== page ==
STATIN has problems finding statisticians
Nadisha Hunter, Staff Reporter
The general deficiency that the country continues to face in mathematics, which is sometimes due to a fear for the subject by some students, could soon have a negative impact on the supply of data by the Statistical Institute of Jamaica (STATIN).
The disclosure came yesterday during a Gleaner Editors' Forum at the newspaper's North Street, central Kingston, head offices.
STATIN Director General Sonia Jackson said it was a critical issue which could affect the long-term sustainability of the entity.
"Staying away from mathematics is going to affect us even in the supply of our statisticians because that is becoming a regional issue. We can't get enough statisticians to support our needs," she lamented.
Jackson added: "... The wider Government - as well who is looking at improving the quality of data within the respective ministries and departments and agencies - is also having the same challenges that we are having in terms of getting persons to do the work. Mathematics is critical and we know it is a challenge."
James Moss Solomon, chairman of Grace and Staff Community Development Foundation, confirmed that it was a wide-scale problem in society.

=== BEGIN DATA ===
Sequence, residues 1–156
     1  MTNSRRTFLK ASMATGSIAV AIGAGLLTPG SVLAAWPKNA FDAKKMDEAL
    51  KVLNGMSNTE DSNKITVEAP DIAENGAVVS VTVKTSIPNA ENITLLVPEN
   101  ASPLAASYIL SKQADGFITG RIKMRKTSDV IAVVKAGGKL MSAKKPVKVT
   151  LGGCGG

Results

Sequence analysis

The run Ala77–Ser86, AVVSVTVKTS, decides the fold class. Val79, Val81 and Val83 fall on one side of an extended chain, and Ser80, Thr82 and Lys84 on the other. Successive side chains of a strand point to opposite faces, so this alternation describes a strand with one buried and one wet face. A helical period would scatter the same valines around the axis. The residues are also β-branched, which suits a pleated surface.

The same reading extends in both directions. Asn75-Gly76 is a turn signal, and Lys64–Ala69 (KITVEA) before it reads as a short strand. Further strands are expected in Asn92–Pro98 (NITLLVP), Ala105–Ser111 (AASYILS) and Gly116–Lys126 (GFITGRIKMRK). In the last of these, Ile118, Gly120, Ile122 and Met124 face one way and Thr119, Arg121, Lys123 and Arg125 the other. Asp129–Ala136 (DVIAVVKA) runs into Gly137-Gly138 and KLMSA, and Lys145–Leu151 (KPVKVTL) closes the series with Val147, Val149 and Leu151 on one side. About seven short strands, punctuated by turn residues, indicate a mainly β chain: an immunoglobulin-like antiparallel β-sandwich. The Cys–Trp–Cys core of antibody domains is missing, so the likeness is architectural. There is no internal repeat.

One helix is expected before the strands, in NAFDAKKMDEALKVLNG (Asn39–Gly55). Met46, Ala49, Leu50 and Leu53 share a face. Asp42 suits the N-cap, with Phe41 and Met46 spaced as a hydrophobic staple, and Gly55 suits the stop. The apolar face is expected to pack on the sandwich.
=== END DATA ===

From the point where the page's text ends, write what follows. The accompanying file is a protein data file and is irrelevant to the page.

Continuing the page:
"I am challenged with that … because, yes, you may have a few people with the mathematical background, but then getting them to extrapolate is sadly lacking," he said.
GOING INTO SCHOOLS
But with the problem threatening to affect the supply of data to the public, Jackson said STATIN is taking a proactive approach to lessen the effect.
"We have been going into the schools, getting the schools to come to us and reaching out to the students and showing them the importance of the data so that they will see the importance of mathematics," she said.
She added that the organisation has done three handbooks on economics, demography and geography to stimulate the interest of the students who are at Caribbean Secondary Education Certificate (CSEC) and Caribbean Advanced Proficiency Examinations level in secondary schools.
"With this, students can see that it is not just pure numbers, but there are other things related to the studies as well and they were very well received in the schools," she continued.
Education Minister Ronald Thwaites revealed recently that only 10 per cent of the teachers who are teaching at the CSEC level are qualified to do so.
Of the 1,048 persons teaching mathematics at the CSEC level, only 105 have the required qualifications of a combination of both content knowledge and methodology for teaching the subject.
In mathematics, 31.7 attained passes in CSEC this year, a decrease from 33.2 per cent last year and 39.5 per cent in 2010.